Southern Evangelical Seminary Apologist Embraces Extra-Biblical Revelations
At Pulpit & Pen, we’re constantly reporting on the supposed restoration of the sign gifts from God that people are claiming. Recently, we covered the IMB’s embrace of these so-called “gifts” when David Platt re-told a story of a man being “prayed over” by IMB missionaries, and brought back from the dead. Of course, there’s Beth Moore and her fanciful tale of a vision from God telling her to meet a woman at a bus stop and give her money. It comes as no surprise that with the Southern Baptist’s recent acceptance of glossolalia, that the charismatic influence would further infiltrate Evangelicalism, inciting further downgrade.
While Southern Evangelical Seminary, in Charlotte, NC, is not officially a Southern Baptist school, it is, however, very closely tied with the Southern Baptists. Its current president is Richard Land, who is the former president of the Southern Baptist Ethics and Religious Liberties Commission. The seminary often holds its annual Apologetics Conference at local SBC churches and many local Southern Baptists attend the seminary.
At the recent Apologetics Conference, Dr. Barry R. Leventhal, a Messianic Jew and professor of Church Missions and Ministries and Director of the Graduate School of Ministry Program at Southern Evangelical Seminary, told attendees that Jesus still appears to people in dreams, including lost people, and that Jesus appeared to people in dreams during the Holocaust.
As an example, Leventhal shared the testimony of a Jewish man named Joseph who during the Holocaust was forced to work in a Nazi labor camp.
Joseph had sworn vengeance against his Lutheran neighbors who refused to help him and his family.
“He made a vow, a vow of only one thing: He would never stop hating his so-called Christian neighbors. He would always hate their Christian God; their Jesus would be his enemy as long as he lived,” said Leventhal.
“His hatred for Christians and their Jesus grew with each passing day until one dark evening in his bunk, a night that would change Joseph’s life forever, Jesus appeared to Joseph.”
Quoting from Joseph’s testimony, Leventhal recounted that on that night: “Jesus appeared to me. In the darkness of my hatred for Christians and their Jesus, Jesus appeared to me. I recognized Him in a split second, I knew who He was and His first words to me were ‘Joseph, I love you. I died for you. You will survive.'”
Not unusually with these kinds of bizarre recollections, there is no mention of the Gospel being preached or taught. How did Joseph know right away that this was Jesus?
Sure, God can work any way He pleases, but he has made it abundantly clear that His primary means of revealing Himself today is through the preaching of His Word.
For since, in the wisdom of God, the world did not know God through wisdom, it pleased God through the folly of what we preach to save those who believe. – 1 Corinthians 1:21 (ESV)
How then can they call on the One they have not believed in? And how can they believe in the One of whom they have not heard? And how can they hear without someone to preach? And how can they preach unless they are sent? As it is written: “How beautiful are the feet of those who bring good news!” – Romans 10:14-15
So faith comes from hearing, and hearing through the word of Christ. – Romans 10:17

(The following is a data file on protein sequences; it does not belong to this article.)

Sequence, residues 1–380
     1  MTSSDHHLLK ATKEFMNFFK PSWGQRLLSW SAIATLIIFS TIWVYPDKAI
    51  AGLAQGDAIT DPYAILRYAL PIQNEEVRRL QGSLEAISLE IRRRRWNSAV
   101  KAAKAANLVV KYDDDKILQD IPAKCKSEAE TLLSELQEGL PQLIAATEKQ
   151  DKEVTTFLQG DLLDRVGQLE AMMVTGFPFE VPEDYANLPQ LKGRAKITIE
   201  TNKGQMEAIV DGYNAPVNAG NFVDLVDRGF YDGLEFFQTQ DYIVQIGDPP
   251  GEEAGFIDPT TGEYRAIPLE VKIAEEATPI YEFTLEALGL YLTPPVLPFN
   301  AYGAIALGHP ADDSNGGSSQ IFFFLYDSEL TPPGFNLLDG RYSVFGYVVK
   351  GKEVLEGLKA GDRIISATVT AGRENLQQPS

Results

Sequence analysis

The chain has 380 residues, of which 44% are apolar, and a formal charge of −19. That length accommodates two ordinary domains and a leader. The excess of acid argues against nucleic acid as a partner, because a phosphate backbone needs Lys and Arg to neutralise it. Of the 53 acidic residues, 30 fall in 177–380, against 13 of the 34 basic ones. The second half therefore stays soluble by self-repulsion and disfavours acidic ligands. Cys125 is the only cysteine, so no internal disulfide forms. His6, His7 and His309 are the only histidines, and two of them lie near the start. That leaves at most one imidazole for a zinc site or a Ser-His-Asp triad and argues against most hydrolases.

Perhaps this Joseph had heard the Gospel message before, and it was on his mind. That is a possibility. But if this is the case, then why isn’t this a central part of Dr. Leventhal’s message? Why is the emphasis on the supposed dream? How is this verifiable?
According to the Christian Post, Leventhal goes on to support this charismatic extra-biblical nonsense of dream and vision conversions by comparing these tales to the biblical account of Saul’s conversion in Acts. “Saul had a vision of Jesus and from there became a Christian, and changed his name to Paul.”
But does the account of Saul’s conversion really apply to us today? First, we need to ask: what was the purpose of Jesus’ appearing to Saul. In God’s sovereign plan, Saul was a special case. First and foremost, the canon of Scripture was still wide open at the time, as Paul is the author of at least 13 of the 27 New Testament books. The sign gifts were still fully in effect. During the closing of the canon, we see the gifts (i.e. revelations, miracles, tongues, etc.) tapering off, and the preaching of the Word of God becoming the dominant form evangelism (1 Cor. 13:8-13). The church was built on the foundation of the Apostles and Prophets, with Jesus as the chief cornerstone (Eph 2:20). Currently, that foundation has already been laid. God has already spoken to us through his Son, Jesus, and is forever revealed to us through his Word (Heb 1:1-2). Further, Jude 3 states that the faith has been once and for all delivered to us–it does not say that it is still being delivered to us.
So there is no reason to lend any credence to these tales of dreams and visions. Again, God can work how he pleases, but he has chosen to reveal himself to us through the Scriptures. The typical argument is that by rejecting these stories, we are “putting God in a box.” These claims of ongoing revelation, in reality, are what puts Him in the box. It is a denial of God’s divine election and sovereign ability to send his Word to those who He has chosen to reveal Himself to.
Is God not powerful enough to send someone to proclaim His Son’s name to the far reaches of the earth?
But you will receive power when the Holy Spirit has come upon you, and you will be my witnesses in Jerusalem and in all Judea and Samaria, and to the end of the earth.” – Acts 1:8
[Contributed by Pulpit & Pen]
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